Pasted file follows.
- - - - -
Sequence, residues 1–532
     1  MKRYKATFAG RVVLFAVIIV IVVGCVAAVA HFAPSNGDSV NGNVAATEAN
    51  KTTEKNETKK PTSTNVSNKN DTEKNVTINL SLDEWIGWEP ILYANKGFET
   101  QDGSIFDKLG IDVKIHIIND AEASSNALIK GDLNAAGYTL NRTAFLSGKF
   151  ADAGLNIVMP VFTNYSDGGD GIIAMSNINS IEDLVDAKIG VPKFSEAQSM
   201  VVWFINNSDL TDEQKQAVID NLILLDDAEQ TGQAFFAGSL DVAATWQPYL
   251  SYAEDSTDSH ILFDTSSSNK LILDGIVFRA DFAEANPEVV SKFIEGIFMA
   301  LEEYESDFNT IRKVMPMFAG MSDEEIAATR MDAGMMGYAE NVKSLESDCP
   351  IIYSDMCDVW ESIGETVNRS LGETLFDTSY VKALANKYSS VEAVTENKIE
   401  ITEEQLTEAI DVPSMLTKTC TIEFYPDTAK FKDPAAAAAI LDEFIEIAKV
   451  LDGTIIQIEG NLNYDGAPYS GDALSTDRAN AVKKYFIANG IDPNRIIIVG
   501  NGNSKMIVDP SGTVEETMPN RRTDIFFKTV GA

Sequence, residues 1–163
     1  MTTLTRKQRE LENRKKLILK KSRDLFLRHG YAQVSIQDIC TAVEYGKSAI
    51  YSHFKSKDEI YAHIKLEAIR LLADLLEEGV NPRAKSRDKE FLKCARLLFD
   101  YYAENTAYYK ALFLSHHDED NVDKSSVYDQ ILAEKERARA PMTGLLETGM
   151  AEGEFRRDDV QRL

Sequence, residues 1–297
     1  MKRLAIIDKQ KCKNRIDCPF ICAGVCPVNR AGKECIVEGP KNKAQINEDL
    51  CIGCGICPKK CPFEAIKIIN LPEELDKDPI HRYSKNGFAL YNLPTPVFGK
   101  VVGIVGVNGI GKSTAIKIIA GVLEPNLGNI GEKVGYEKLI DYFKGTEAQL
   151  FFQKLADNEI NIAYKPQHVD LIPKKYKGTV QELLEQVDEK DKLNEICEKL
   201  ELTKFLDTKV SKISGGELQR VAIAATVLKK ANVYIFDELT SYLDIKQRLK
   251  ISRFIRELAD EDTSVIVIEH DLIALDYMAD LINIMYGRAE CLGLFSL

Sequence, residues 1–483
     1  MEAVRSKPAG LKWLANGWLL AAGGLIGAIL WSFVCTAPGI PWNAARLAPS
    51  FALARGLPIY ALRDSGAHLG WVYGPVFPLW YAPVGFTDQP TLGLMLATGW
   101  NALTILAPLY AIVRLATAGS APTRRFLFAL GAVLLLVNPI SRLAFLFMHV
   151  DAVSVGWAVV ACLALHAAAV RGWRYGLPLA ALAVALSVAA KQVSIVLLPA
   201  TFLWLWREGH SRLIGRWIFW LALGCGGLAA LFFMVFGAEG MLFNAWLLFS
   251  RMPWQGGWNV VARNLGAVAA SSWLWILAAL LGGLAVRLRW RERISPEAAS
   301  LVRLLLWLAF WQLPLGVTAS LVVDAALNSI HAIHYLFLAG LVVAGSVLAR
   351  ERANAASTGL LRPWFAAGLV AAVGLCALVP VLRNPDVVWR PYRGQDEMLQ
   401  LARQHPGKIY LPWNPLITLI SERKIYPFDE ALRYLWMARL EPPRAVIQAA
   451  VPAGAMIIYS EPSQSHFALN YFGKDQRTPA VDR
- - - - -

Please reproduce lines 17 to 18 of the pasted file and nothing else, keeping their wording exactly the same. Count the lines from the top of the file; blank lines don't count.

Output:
   151  AEGEFRRDDV QRL

Sequence, residues 1–297